Scallywag

Each moment of a happy lover's hour is worth an age of dull and common life.

~ Aphra Behn (1640-1689) ~

TV: What’s The Big Deal Anyway?

October 28th, 2012 ~ Est. reading time: 2 mins, 19 secs

Who says we watch too much TV?

Think of TV and what do you picture? High definition? TV dinners? Or, TV blaring loudly in the background? Yesterday, I talked about TV online and the way it is changing. But TV’s reach deserves more discussion than that because its greatest impact isn’t technological. It’s personal.

Before the advent of the “goggle box” the nearest thing was a warm sounding wireless or tuneful piano. But ever since the tube warmed up, TV has been a game changer.

TV’s influence has been so pervasive, you might be surprised it has touched so much. For instance, the nature of written fiction has changed – forever – thanks to the way we now picture scenes. Our brains have literally changed due to the training of television. That’s why we no longer notice programs are an abstraction, because we are used to filling in the gaps.

Hundreds of quick TV edits don’t faze us in the least. Nor do we tend to be put out too much by the feeling extremes programs elicit, only to have them sliced through with cork-popping commercials and bargain basement crazy rug sales ads.

We’ve become habituated to the noise of TV in the background to the point that people use it for “atmospherics”. Likewise, we even use televisions at home to reinforce a sense of place and, sometimes, status.

By night, the ethereal glow of flickering screens inside people’s homes has replaced their fireplaces as the modern home hearth. Men, especially, come home and gravitate toward the TV set, doing what men have done from time immemorial: fire gazing to unwind.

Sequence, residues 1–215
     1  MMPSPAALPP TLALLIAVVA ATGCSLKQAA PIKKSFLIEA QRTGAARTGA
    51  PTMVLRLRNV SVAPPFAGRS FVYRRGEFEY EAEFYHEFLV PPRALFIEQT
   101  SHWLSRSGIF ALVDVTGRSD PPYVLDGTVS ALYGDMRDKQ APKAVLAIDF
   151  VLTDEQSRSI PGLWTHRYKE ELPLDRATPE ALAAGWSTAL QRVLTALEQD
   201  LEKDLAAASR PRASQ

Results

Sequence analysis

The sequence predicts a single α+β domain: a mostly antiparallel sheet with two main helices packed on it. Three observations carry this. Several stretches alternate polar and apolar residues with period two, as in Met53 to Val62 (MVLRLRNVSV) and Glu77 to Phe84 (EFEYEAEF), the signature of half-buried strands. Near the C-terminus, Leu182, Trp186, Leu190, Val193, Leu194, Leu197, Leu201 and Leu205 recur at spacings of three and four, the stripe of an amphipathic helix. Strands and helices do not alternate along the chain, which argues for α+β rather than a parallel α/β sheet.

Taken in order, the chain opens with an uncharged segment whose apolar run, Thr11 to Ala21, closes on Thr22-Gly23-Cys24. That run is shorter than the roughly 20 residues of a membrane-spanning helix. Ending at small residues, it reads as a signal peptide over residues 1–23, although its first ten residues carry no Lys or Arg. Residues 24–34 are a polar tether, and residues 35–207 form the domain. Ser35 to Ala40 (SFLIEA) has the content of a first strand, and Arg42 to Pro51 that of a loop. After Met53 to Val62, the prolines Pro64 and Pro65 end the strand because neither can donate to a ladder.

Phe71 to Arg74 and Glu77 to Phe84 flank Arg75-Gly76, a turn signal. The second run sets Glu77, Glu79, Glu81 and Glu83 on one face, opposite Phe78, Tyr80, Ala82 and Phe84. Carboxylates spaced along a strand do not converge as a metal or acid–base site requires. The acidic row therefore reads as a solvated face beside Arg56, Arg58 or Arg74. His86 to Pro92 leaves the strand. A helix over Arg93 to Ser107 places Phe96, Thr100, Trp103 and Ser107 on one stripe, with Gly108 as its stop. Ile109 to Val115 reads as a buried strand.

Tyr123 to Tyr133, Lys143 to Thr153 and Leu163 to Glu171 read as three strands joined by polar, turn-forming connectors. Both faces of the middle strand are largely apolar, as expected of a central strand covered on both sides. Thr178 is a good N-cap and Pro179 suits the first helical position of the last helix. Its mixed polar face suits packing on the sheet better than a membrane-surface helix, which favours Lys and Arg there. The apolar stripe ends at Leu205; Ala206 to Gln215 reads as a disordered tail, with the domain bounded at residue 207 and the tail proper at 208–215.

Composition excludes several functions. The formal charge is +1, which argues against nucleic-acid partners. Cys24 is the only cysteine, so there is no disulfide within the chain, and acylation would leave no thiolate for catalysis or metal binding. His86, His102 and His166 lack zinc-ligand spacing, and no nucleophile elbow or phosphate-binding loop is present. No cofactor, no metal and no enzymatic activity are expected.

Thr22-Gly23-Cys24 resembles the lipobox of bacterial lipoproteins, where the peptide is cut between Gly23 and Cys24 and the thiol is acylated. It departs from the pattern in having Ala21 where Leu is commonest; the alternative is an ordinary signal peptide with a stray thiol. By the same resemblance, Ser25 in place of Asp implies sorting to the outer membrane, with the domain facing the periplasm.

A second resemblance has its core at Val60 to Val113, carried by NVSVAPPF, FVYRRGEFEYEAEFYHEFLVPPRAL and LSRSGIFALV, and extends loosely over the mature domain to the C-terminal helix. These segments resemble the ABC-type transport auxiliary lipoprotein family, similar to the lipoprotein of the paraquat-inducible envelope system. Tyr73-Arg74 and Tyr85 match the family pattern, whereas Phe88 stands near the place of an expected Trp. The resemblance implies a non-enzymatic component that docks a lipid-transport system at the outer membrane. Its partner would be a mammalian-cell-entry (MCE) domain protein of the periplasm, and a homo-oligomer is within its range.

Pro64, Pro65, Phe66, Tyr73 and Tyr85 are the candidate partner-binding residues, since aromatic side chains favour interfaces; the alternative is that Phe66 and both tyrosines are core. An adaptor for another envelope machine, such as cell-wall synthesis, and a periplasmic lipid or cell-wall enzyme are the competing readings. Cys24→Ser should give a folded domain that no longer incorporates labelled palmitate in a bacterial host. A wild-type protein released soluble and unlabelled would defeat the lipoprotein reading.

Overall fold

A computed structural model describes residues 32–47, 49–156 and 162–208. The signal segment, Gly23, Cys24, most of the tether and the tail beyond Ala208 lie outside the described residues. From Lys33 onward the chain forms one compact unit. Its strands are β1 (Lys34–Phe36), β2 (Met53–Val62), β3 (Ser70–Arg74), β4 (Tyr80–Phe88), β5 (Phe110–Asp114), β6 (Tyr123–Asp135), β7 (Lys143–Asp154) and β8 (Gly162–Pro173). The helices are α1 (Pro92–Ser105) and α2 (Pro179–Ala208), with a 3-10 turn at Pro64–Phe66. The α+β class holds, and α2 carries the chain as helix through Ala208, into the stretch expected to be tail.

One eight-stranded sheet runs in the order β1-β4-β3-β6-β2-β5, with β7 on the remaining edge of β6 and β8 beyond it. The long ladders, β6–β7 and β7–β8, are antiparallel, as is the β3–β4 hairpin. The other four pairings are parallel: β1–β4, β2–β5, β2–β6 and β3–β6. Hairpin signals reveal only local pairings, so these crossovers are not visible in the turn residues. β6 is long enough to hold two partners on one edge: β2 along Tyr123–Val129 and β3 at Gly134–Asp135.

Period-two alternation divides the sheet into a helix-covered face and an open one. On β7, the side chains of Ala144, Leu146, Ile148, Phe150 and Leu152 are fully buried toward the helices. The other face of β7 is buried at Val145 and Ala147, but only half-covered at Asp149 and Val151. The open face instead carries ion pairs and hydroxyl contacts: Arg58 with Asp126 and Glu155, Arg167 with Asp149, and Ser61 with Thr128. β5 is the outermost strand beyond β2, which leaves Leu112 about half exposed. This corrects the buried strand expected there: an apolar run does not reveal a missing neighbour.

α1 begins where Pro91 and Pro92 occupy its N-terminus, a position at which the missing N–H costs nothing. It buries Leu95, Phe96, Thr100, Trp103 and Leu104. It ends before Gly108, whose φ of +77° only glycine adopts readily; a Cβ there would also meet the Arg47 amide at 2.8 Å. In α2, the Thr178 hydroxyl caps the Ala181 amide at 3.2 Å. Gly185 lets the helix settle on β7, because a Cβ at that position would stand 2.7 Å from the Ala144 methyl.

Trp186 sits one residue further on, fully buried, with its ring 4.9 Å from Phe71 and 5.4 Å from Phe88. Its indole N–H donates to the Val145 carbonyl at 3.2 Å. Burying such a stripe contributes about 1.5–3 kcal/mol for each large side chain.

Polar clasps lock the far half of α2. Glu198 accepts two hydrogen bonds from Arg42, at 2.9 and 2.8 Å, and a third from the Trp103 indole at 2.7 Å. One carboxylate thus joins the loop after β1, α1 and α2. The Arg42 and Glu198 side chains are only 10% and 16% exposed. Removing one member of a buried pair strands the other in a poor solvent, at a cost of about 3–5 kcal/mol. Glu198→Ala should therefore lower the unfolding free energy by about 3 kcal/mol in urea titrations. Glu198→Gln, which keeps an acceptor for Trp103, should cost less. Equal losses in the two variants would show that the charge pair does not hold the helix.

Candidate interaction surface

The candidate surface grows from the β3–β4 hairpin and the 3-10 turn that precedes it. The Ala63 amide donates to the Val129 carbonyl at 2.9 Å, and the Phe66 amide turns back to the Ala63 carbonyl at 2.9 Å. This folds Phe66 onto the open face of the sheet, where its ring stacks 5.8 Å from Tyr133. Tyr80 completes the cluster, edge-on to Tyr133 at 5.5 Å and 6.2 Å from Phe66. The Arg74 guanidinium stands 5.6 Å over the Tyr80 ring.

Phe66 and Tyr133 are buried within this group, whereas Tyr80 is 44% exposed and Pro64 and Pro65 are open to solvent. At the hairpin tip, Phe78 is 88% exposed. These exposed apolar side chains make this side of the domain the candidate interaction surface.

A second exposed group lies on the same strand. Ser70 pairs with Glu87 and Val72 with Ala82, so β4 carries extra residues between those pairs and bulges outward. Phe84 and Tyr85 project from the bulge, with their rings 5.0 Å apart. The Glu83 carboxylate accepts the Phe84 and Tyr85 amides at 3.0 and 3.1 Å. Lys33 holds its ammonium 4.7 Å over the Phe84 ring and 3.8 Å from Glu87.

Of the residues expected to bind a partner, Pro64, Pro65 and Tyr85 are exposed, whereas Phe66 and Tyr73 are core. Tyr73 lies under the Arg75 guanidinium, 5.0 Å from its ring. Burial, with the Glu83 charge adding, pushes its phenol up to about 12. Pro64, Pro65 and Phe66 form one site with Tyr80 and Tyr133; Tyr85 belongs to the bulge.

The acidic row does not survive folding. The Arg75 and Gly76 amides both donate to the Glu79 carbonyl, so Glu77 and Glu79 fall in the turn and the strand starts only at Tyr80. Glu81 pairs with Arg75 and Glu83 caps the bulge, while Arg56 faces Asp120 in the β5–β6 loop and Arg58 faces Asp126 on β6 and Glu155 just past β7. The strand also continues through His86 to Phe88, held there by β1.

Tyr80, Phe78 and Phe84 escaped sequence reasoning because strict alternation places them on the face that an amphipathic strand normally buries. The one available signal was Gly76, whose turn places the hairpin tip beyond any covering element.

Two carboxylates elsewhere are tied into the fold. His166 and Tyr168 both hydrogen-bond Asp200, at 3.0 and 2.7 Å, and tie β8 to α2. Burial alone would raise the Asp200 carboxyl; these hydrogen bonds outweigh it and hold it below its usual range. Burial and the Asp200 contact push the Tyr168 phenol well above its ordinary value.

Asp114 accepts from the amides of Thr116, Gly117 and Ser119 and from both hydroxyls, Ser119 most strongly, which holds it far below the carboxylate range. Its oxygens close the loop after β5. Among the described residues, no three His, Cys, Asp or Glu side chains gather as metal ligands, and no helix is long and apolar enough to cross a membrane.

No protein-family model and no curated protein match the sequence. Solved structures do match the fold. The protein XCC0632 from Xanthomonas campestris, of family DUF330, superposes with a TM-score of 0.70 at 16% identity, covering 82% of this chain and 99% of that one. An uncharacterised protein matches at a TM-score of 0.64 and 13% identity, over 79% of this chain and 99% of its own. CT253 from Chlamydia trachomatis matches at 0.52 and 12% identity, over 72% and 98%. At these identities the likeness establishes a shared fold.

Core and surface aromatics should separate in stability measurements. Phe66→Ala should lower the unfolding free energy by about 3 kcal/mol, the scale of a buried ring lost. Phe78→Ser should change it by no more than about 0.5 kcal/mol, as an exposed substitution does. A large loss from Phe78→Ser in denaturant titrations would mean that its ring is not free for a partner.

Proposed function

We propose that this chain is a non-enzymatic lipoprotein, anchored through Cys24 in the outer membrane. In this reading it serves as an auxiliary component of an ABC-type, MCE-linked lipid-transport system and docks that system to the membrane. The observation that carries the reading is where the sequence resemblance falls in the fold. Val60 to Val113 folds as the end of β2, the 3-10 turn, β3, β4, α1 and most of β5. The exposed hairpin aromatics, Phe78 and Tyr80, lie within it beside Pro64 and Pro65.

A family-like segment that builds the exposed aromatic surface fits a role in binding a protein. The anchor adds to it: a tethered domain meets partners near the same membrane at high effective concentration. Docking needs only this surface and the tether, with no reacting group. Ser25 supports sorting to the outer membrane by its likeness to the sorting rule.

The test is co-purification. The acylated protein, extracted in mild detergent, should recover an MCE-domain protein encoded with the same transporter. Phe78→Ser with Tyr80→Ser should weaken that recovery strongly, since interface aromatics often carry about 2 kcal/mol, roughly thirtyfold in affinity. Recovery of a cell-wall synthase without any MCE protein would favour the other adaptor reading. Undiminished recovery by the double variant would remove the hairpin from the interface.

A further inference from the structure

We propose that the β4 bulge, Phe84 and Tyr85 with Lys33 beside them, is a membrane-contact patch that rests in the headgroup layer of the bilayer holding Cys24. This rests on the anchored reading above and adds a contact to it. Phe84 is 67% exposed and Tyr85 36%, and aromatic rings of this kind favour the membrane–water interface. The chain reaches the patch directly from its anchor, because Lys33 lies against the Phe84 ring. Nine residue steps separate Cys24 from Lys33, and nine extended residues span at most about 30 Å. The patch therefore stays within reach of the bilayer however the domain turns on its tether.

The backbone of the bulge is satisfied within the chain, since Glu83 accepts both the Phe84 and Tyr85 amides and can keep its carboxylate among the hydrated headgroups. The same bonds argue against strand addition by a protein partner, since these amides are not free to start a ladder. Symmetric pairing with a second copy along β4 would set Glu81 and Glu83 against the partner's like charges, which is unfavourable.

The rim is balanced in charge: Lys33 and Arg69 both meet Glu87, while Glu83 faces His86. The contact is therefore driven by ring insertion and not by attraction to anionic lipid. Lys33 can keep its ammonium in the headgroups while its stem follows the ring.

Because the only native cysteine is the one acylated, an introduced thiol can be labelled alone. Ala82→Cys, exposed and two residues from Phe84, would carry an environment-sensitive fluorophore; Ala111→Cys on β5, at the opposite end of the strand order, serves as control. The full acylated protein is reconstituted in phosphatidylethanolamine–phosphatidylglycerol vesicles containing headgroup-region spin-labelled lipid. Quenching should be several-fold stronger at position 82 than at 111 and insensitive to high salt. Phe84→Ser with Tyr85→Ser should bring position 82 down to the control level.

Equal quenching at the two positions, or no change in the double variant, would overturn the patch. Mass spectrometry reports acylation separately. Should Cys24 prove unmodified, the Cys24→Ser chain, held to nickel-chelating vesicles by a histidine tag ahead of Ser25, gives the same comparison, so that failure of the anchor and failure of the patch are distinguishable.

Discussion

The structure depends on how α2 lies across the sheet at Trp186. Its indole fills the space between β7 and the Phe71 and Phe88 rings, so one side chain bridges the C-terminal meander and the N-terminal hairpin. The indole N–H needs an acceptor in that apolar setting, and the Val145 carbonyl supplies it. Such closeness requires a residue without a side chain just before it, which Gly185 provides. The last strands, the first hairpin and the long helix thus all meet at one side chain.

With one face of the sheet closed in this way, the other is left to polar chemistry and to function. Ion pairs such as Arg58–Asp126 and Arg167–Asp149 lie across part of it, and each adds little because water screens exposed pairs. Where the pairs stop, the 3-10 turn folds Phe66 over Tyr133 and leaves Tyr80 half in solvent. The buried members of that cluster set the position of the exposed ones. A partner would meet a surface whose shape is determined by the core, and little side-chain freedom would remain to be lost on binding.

On a wider scale, TV is doing much more. By giving us a common experience, people everywhere can find something to relate to through their shared TV experience. Today, TV may even be more of a common denominator than nationality, as we attach kinship to the people who watch what we see.

And what do we see? Well, apart from being choreographed to mesmerize, TV also pacifies with fine tuned programming. We can watch with lazy eyes and see as much or as little as we care to because TV stations don’t mind

Dovetailing easily into sedentary habits, TV also gives us one more reason to stay at home, skip a chore, and forgo seeing a friend. The price of this kind of comfort, therefore, comes at a hidden cost.

TV seemed the easy answer to babysitting too, having since been joined by the PC, computer games, and tablet computers. These technologies look impressive enough. But, in reality, young children are being short changed of their formative experiences, with consequences that will ripple throughout their future.

Like all powerful mediums, TV can be used poorly or very well. TV can offer educational information, documentaries, forum for debate, and high quality drama in the coziness of your own home. Just as TV can also be a tool for dumbing down audiences, promoting propaganda, or pushy pressure selling.

TV has given us an extraordinary connection through shared humor, entertainment, information, and the opportunity to jointly engage in bigger ideas. Having showcased nations, introduced notions, uncovered human tragedies, and celebrated millions of love stories, TV’s impact is unmatched. Which leads to one question that deserves your attention: what is TV specifically doing for you?

Tech Does Your Head In

Are Books Still Better?

Do You Watch TV Online?

Feegs

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